Publish with us

Follow Penguin

Follow Penguinsters

Follow Hind Pocket Books

Joya Chatterji’s Dive into Bombay Cinema’s Legacy

Explore the historical origins of Bombay Cinema, fondly known as Bollywood, in this excerpt from Shadows at Noon by Joya Chatterji. As the story unfolds, uncover the intricate mix of languages, influences, and talent migration that shaped Bombay cinema, creating a diverse and cosmopolitan industry that is celebrated all over the world.


Shadows at Noon
Shadows at Noon || Joya Chatterji


Why Bombay, one might ask? It was never inevitable that the ‘Maximum City’ would be its base, whatever film scholars say.  Mukherjee, in her otherwise excellent Bombay Hustle, argues that there was something exciting and dynamic about the city that made it the inevitable centre of the film industry. The argument is, to a historian, teleological. By the time Bombay showed its first full-length silent film, Raja Harishchandra (‘King Harishchandra’, 1913), studios were up and running in most major cities of India. Throughout the twentieth century, Calcutta and Madras were large centres of the film industry, and Bengali, Tamil, Malayalam and Telegu cinema were still thriving in 2000.


Nor was it inevitable that Hindustani, the language of Bombay cinema, would become the dominant language of the movies. Indeed, the subcontinent’s most renowned director, Satyajit Ray, made all his films, with one notable exception (Shatranj ke Khilari ), in Bangla. Nor has the flow of influence always been in one direction, from Bombay to these other centres. One of Bombay’s greatest stars, Waheeda Rehman, first performed in the Telegu film Rojulu Maraayi (‘The Days Have Changed’, 1955). She points out that its hit song in which she danced (she trained in the new form of Bharatanatyam) was bowdlerised in the Hindi version of the Telegu original movie. But because it usually flowed that way, I focus on Bombay cinema here.


The migration of talent at every level to Bombay cinema from other regions was fuelled by cultural influences that are not easy to pigeon hole. Take the case of Guru Dutt (1925–64), producer, director and actor in the 1950s, a period many regard (with justification) as the high point of Bombay cinema. He produced, directed and acted in some of the era’s greatest films. By birth a Saraswat Brahmin from western India, Guru Dutt grew up in Calcutta. He was often mistaken for a Bengali because of his (hard-to-define) Calcutta ways (marked even before he married the Bengali singer Geeta Roy in a Bengali caste Hindu ceremony). As a youngster he trained for a while at Uday Shankar’s school for the creative arts at Almora, where he was a peer of Uday’s brother, the sitar maestro Ravi Shankar. For their part, both Uday and Ravi Shankar grew up in present-day Rajasthan, where their father was in the employ of the Maharaja of Jhalawar, but their ‘ancestral home’, as we put it in these parts, is in present-day Bangladesh. (Uday Shankar was another sensation of the era, known for his avant garde choreography, his terrific talent as a dancer and his effort to revive old dramatic performance through modern dance fusion, rather than stilted classicism.)


Given that some of Guru Dutt’s best-known films are ‘Muslim socials’ (a genre depicting a Muslim urban aristocratic way of life), and given that Waheeda Rehman, Rahman and Johnny Walker (Badruddin Kazi, a former bus conductor), all Muslims, starred in some of his most famous films – Pyaasa (‘Thirsty’, 1957), Chaudhvin ka Chand (‘The Full Moon’, 1960) and Kaagaz ke Phool (‘Paper Flowers’, 1959) – and given his productive relationship with the scriptwriter Abrar Alvi, also a Muslim – it’s clear that Bombay cinema was a cosmopolitan world, which drew gifted people of all sorts towards it. Directors sought out talent wherever they could find it. It was a South Asian world of all the talents.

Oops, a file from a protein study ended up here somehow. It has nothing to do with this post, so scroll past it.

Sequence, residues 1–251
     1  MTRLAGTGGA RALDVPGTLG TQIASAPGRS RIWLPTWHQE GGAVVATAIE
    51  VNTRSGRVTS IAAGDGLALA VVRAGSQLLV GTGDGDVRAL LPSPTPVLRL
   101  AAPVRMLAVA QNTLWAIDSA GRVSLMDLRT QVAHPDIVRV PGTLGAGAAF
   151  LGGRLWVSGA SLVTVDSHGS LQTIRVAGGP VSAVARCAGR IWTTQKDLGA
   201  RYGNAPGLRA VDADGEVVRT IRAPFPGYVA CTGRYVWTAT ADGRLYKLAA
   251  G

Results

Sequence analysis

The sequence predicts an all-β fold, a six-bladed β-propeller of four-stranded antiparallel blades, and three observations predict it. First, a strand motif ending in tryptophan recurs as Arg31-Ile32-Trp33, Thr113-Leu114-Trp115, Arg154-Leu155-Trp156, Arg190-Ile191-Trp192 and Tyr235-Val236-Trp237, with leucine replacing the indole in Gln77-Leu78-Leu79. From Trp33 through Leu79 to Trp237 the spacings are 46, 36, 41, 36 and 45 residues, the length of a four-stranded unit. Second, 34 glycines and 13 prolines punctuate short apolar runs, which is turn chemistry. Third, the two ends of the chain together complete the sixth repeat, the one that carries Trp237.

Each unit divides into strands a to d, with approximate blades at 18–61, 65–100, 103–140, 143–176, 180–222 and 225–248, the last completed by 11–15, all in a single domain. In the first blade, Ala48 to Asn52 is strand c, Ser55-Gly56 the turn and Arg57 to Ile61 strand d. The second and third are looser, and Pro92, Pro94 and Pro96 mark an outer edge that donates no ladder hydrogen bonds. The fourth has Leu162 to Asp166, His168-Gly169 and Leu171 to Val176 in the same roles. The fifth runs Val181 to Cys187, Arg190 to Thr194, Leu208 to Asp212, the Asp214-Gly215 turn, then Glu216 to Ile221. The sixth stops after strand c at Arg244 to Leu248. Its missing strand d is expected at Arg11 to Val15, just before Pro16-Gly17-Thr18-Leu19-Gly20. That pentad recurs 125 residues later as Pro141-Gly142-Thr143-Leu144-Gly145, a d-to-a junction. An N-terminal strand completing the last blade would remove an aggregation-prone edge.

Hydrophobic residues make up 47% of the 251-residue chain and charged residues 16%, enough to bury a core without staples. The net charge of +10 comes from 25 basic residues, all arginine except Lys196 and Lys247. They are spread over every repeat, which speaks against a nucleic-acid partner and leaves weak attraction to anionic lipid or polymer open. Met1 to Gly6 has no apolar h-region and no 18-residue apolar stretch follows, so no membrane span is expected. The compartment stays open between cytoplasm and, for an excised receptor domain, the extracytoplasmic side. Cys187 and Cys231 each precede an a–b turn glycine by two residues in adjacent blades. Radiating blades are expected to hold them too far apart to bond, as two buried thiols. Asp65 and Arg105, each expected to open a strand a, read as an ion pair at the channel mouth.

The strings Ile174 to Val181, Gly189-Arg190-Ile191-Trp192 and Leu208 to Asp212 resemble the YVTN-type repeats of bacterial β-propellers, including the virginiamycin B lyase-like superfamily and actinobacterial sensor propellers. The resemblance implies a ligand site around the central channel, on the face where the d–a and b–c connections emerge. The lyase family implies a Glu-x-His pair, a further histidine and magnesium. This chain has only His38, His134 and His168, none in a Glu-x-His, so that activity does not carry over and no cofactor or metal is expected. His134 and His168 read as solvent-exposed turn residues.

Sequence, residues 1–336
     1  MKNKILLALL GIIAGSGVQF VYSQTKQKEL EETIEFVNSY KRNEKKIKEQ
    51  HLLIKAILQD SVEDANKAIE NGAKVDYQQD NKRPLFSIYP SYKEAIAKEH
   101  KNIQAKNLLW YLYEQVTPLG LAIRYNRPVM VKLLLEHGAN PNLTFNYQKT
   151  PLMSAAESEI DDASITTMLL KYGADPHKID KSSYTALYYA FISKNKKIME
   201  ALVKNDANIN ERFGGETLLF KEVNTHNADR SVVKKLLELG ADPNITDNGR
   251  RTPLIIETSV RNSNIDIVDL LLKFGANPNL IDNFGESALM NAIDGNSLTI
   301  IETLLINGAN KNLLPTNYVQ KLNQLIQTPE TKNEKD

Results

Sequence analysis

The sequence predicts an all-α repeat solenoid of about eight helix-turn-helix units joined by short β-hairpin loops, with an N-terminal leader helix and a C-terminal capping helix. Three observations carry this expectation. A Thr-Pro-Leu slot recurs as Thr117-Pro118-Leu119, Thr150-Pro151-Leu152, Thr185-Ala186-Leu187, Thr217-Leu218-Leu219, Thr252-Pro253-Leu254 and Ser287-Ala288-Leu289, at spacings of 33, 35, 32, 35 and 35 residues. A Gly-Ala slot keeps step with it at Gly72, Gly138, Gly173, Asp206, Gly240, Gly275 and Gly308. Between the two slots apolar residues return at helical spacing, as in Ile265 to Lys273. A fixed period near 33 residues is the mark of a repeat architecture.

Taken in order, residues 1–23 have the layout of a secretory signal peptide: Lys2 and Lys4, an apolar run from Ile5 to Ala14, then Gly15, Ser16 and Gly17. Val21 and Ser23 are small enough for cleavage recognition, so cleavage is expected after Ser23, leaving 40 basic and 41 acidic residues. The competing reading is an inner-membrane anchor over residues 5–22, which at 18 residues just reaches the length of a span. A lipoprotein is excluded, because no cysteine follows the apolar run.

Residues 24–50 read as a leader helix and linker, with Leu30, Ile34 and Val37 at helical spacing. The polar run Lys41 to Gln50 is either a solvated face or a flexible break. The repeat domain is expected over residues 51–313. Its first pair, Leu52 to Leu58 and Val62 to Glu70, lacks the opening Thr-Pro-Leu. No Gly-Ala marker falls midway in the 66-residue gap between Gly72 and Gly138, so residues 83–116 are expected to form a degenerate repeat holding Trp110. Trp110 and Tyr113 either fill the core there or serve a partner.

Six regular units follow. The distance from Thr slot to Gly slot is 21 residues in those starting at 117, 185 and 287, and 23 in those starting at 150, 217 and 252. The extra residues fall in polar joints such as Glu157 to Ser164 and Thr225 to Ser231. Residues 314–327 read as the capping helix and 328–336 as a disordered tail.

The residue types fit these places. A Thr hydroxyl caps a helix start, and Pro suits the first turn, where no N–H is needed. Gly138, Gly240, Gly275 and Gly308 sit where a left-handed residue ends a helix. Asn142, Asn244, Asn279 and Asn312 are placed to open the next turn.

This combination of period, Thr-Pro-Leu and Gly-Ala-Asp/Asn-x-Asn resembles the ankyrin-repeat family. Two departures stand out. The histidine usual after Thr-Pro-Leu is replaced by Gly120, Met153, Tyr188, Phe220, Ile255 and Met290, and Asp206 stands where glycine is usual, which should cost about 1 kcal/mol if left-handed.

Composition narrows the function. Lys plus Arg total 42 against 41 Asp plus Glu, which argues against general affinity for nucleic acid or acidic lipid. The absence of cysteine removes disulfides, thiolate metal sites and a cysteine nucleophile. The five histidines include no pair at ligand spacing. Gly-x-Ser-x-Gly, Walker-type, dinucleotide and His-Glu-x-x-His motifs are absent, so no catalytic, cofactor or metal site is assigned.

This brilliance was by no means born in Bombay, local to Bombay (or the British Bombay Presidency, post-independence Maharashtra after the former’s division into two states), or even the Hindustani speaking north of the subcontinent. It would be a gross mis – understanding to think of Bombay cinema as the film culture of‘Bombay-wallahs’. Bombay itself was being made by migration at the same time as its film industry.


A funny story illustrates this. A passionate movie buff from the Punjab, Raj Khosla, met Guru Dutt while the latter was directing a film. He wanted a job as a playback singer, but no such job was on offer. Guru Dutt, by all accounts a kindly man, asked Khosla whether he knew any Hindi. ‘Yes,’ he lied. He was hired, but he then had a problem: he knew some Urdu, like many Punjabis, but although Urdu has a similar vocabulary and grammar to Hindi, its script could hardly be more different. Keen Khosla went out and bought a Hindi reader the very next day. Of course he was caught out the minute he was asked to write something in Hindi. Far from sacking him, Guru Dutt found him something else to do and they became firm friends. The point here is that even Punjabi-speakers were flocking to what became known as ‘Bombay cinema’ (which was sometimes made outside Bombay).


Still, the city itself would become the hub of the great studios of the era where the first generations of Hindi movies were made. Studios like Bombay Talkies established themselves on the northern periphery of the city, in Andheri, where they had some access to its urban amenities but could just about avoid its accompanying cacophony. Bombay’s wooded hinterland provided scenic backdrops to many a movie.


Get your copy of Shadows at Noon by Joya Chatterji wherever books are sold.

More from the Penguin Digest

error: Content is protected !!